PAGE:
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Zoo to You offers a hands-on exotic animal experience

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It’s Saturday, May 16, and I’m petting an alligator that used to belong to a drug lord (OK, allegedly used to belong to a drug lord, but what’s the fun in that?). The 6-foot-long, 90-pound reptile is sitting on a table, being wrangled by Scott Ellis, one of the four volunteers who are presenting a Zoo to You exhibition at a backyard house party.

WHO? WHO? :  Zophia is an Eagle Owl whose eyes don’t move, though her head rotates 270 degrees. - PHOTO BY GLEN STARKEY
  • PHOTO BY GLEN STARKEY
  • WHO? WHO? : Zophia is an Eagle Owl whose eyes don’t move, though her head rotates 270 degrees.

“Is it male or female?” I ask Scott.

“I respect its privacy too much to ask,” he quipps, before coming clean. “Spike is a male American alligator, the kind you’d see if you were golfing in Florida. … The story I heard is he was rescued when he was working as a ‘guard dog’ at an illegal drug operation in Southern California. We rehabilitated him and gave him a chance to earn an honest living.”

Scott, a firefighter by trade and now the fire chief at Diablo Canyon Nuclear Power Plant, has volunteered at Zoo to You for a decade, and the operation itself has had Spike for 18 years. With proper care, he could live to 30.

“Alligators can go five or six months without food,” Scott explains. “They live off their fat stores, slow their metabolism, and wait for the food to come back. Unlike a crocodile that will pursue prey, an alligator might lunge once or twice, but if he doesn’t get it he’ll give up. We feed him a chicken once a month, and it takes about three weeks to work through his system.”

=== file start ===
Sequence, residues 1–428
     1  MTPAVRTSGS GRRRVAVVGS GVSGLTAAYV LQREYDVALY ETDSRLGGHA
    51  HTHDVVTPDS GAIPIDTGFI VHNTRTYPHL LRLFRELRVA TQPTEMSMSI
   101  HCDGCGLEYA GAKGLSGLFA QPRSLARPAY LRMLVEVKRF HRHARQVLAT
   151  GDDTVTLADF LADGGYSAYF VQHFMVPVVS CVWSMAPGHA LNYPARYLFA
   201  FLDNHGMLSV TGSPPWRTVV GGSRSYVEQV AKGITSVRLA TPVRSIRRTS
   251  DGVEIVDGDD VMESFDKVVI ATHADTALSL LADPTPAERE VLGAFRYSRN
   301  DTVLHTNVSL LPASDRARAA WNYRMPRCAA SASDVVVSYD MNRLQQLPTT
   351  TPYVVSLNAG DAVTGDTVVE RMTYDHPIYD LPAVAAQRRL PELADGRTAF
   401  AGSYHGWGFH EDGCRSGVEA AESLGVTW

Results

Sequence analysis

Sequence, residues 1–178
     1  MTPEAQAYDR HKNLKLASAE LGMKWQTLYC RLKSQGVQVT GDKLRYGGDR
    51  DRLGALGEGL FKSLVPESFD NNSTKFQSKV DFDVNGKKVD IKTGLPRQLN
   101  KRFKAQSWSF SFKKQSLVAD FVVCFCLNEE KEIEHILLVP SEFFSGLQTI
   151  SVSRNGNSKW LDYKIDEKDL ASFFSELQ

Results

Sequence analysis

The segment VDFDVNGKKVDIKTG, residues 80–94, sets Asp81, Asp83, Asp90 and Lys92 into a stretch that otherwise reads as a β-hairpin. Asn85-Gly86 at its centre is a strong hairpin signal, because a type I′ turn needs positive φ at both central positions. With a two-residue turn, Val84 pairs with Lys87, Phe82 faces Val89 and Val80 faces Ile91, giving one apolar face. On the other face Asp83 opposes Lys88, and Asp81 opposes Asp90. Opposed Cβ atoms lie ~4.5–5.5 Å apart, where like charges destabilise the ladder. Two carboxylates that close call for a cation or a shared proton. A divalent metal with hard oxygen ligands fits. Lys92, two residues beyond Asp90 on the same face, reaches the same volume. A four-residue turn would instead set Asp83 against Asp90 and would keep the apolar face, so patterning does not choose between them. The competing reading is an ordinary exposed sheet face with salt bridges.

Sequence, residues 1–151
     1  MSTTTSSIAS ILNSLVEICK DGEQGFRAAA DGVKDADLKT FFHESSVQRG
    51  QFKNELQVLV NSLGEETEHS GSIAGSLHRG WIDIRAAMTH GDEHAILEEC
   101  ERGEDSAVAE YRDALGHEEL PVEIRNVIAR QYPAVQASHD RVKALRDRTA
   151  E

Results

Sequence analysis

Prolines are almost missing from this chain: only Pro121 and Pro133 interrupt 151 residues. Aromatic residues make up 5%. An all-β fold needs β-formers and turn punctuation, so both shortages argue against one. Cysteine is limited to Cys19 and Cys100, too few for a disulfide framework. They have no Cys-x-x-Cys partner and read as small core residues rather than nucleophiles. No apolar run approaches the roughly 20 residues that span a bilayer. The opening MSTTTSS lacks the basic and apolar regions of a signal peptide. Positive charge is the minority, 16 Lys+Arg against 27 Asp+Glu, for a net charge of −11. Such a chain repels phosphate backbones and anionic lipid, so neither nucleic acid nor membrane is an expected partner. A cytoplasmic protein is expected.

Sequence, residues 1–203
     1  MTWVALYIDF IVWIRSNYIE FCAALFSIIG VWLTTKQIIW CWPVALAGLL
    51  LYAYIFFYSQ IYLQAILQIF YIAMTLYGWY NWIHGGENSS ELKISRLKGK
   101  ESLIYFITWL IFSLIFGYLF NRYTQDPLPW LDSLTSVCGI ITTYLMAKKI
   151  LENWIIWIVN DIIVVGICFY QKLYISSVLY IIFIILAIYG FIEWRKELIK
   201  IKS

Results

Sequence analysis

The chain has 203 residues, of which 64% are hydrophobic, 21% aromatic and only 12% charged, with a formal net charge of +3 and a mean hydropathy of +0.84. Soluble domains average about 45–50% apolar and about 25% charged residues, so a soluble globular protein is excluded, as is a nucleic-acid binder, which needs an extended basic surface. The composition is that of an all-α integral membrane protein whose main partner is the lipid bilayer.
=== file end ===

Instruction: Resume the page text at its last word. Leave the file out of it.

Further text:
This is the sort of insight you get from Zoo to You, not to mention hands-on interaction. When’s the last time you got to touch an alligator in a zoo?

LATER, GATOR!:  Spike is a 6-foot-long, 90-pound American alligator that allegedly used to guard an illegal drug stash. - PHOTO BY GLEN STARKEY
  • PHOTO BY GLEN STARKEY
  • LATER, GATOR!: Spike is a 6-foot-long, 90-pound American alligator that allegedly used to guard an illegal drug stash.

“We provide opportunities for people to make a connection with these animals,” Scott says. “Their counterparts in the wild really need humans to make smarter decisions, and getting to know these animals firsthand is a step in the right direction.”

Scott’s wife, Su Ellis, is standing nearby, introducing visitors to Roswell, a three-banded armadillo. She directs me to roll the tennis ball in his enclosure, and when I do, he scuttles after it and jumps on top, completely covering it. When I reach down to touch Roswell’s shell, he jumps up a little, startling me.

“What does he eat?” I ask Su.

“Insects and mealworms,” she says, shaking a couple dried worms near him. “He prefers the live ones but
I prefer the dry ones, and I get to pick,” she jokes. 

SNAKE IN THE GRASS:  Julius Squeezer, a 100-pound Burmese python slithers around doing snake stuff. - PHOTO BY GLEN STARKEY
  • PHOTO BY GLEN STARKEY
  • SNAKE IN THE GRASS: Julius Squeezer, a 100-pound Burmese python slithers around doing snake stuff.